It is said that in commemoration of the miraculous disappearance of Mira Bai, her image is still worshipped at Udaipur in conjunction with that of Ranchhor, the beloved Girdhar of her childhood.
The following is Mira Bai s hymn in Bhai Banno's Granth Sahib.
God l hath entwined my soul, O mother,
With His attributes, 2 and I have sung of them.
The sharp arrow of His love hath pierced my body through
and through, O mother.
When it struck me I knew it not ; now it cannot be en
dured, O mother.
Though I use charms, incantations, and drugs, the pain
will not depart.
Is there any one who will treat me ? Intense is the agony,
Thou, O God, art near ; Thou are not distant ; come
quickly to meet me.
Saith Mira, the Lord, the mountain-wielder, 3 who is com
passionate, hath quenched the fire of my body, O mother.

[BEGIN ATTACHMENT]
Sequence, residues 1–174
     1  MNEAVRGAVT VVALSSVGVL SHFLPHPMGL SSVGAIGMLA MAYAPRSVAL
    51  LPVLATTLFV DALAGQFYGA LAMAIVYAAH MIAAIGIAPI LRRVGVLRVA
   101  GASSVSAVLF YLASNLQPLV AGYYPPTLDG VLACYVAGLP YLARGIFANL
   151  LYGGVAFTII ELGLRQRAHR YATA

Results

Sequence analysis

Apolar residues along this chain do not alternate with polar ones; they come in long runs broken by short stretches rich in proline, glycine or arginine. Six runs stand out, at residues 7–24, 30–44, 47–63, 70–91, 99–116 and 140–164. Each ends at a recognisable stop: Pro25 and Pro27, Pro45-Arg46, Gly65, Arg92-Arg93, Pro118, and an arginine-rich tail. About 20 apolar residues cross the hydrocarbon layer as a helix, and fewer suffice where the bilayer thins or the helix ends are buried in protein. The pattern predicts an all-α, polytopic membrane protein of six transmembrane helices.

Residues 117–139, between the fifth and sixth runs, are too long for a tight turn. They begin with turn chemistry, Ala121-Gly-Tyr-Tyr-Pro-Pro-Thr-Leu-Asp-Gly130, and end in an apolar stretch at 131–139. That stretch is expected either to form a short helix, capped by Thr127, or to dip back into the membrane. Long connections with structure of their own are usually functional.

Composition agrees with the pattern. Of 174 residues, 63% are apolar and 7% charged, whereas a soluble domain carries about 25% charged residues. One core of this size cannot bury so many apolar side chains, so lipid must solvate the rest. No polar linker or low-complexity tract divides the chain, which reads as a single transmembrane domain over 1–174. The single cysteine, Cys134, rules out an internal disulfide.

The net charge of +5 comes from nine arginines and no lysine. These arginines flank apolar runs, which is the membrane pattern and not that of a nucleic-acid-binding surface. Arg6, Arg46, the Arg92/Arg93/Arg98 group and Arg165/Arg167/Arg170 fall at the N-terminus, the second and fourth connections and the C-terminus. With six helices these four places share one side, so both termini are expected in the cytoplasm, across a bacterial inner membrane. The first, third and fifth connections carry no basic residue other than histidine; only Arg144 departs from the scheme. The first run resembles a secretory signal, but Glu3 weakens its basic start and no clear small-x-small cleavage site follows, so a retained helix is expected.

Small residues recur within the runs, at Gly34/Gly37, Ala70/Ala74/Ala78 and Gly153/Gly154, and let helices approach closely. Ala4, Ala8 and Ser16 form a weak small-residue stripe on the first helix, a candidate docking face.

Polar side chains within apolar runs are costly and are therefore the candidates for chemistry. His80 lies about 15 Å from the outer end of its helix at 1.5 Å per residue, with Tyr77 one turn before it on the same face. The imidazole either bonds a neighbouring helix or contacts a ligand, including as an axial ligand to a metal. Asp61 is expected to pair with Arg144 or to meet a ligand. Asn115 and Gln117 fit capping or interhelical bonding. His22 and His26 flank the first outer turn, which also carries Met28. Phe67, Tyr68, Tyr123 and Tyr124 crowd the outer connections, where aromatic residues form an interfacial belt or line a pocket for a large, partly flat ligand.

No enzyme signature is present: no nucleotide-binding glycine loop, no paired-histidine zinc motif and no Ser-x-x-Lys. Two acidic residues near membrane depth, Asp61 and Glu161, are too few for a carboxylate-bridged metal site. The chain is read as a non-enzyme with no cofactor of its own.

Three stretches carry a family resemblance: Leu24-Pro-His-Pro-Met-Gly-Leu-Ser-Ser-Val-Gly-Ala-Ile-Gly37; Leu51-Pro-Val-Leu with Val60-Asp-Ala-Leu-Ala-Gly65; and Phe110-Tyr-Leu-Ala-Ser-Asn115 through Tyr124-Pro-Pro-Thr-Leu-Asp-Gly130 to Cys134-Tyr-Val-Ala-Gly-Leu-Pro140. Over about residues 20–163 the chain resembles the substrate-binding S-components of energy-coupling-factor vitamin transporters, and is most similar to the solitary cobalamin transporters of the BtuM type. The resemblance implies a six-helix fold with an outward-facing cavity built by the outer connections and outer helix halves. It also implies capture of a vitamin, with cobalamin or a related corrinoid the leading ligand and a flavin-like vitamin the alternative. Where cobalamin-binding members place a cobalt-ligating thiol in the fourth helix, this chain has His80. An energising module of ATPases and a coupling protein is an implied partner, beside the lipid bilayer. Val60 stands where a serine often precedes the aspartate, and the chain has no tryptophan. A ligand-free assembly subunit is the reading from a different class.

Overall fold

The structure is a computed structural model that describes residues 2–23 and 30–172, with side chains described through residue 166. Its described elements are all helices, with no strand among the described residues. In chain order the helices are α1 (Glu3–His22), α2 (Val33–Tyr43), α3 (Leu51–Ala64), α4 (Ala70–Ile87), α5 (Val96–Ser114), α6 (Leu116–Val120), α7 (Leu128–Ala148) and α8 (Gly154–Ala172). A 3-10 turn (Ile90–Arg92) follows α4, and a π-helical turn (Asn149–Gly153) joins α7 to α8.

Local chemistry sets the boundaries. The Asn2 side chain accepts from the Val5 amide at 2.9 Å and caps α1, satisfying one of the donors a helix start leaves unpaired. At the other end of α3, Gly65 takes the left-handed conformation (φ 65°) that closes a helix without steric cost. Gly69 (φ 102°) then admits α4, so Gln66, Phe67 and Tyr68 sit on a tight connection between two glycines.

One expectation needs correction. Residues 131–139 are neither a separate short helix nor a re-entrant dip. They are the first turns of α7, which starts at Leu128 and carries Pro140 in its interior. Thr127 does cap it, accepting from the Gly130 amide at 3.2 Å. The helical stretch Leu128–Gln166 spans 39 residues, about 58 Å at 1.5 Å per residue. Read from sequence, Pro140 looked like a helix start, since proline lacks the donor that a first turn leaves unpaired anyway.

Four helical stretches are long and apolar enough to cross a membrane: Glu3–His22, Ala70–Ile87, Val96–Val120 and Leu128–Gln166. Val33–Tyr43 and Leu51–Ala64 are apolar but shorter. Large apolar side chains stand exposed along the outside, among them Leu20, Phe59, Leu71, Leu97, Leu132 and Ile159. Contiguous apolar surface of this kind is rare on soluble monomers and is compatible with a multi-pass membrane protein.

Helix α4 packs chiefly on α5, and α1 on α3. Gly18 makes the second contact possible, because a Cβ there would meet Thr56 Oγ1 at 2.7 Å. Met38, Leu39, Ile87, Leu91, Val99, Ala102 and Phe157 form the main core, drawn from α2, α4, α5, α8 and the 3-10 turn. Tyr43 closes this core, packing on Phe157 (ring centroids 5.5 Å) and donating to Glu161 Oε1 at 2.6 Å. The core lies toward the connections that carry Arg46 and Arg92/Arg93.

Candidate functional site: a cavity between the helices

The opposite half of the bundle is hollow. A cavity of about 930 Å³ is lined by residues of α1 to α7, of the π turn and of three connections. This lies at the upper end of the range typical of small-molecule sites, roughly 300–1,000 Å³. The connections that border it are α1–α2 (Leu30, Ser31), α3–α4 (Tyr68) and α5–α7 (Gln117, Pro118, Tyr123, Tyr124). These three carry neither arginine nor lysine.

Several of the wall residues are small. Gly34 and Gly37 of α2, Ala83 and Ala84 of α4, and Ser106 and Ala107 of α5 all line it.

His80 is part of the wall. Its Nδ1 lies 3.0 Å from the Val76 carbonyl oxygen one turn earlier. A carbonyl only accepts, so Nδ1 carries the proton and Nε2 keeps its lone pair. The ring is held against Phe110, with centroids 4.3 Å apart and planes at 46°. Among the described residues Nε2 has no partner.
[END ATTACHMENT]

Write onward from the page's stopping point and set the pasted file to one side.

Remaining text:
The Lotus-eyed hath entwined my soul with the twine of
THERE are hymns and sloks bearing the name of Farid found in the Granth Sahib. The Persian historian Farishta states that when Taimur Lang approached Ajodhan (Pak Pattan) in the Panjab in the year A. D. 1318, Sad-ul-Din, 4 a grandson of Shaikh Farid, who was then on his spiritual throne, fled with several of the leading inhabitants of the city to Bhatner in the state of Bikaner, where
1 Kawalnain, the Lotus-eyed, an epithet of Krishan, the object of Mira Bai s special worship.
2 Gun has two meanings a rope or twine, and an attribute.
4 In Arabic names the / is generally silent in such combinations.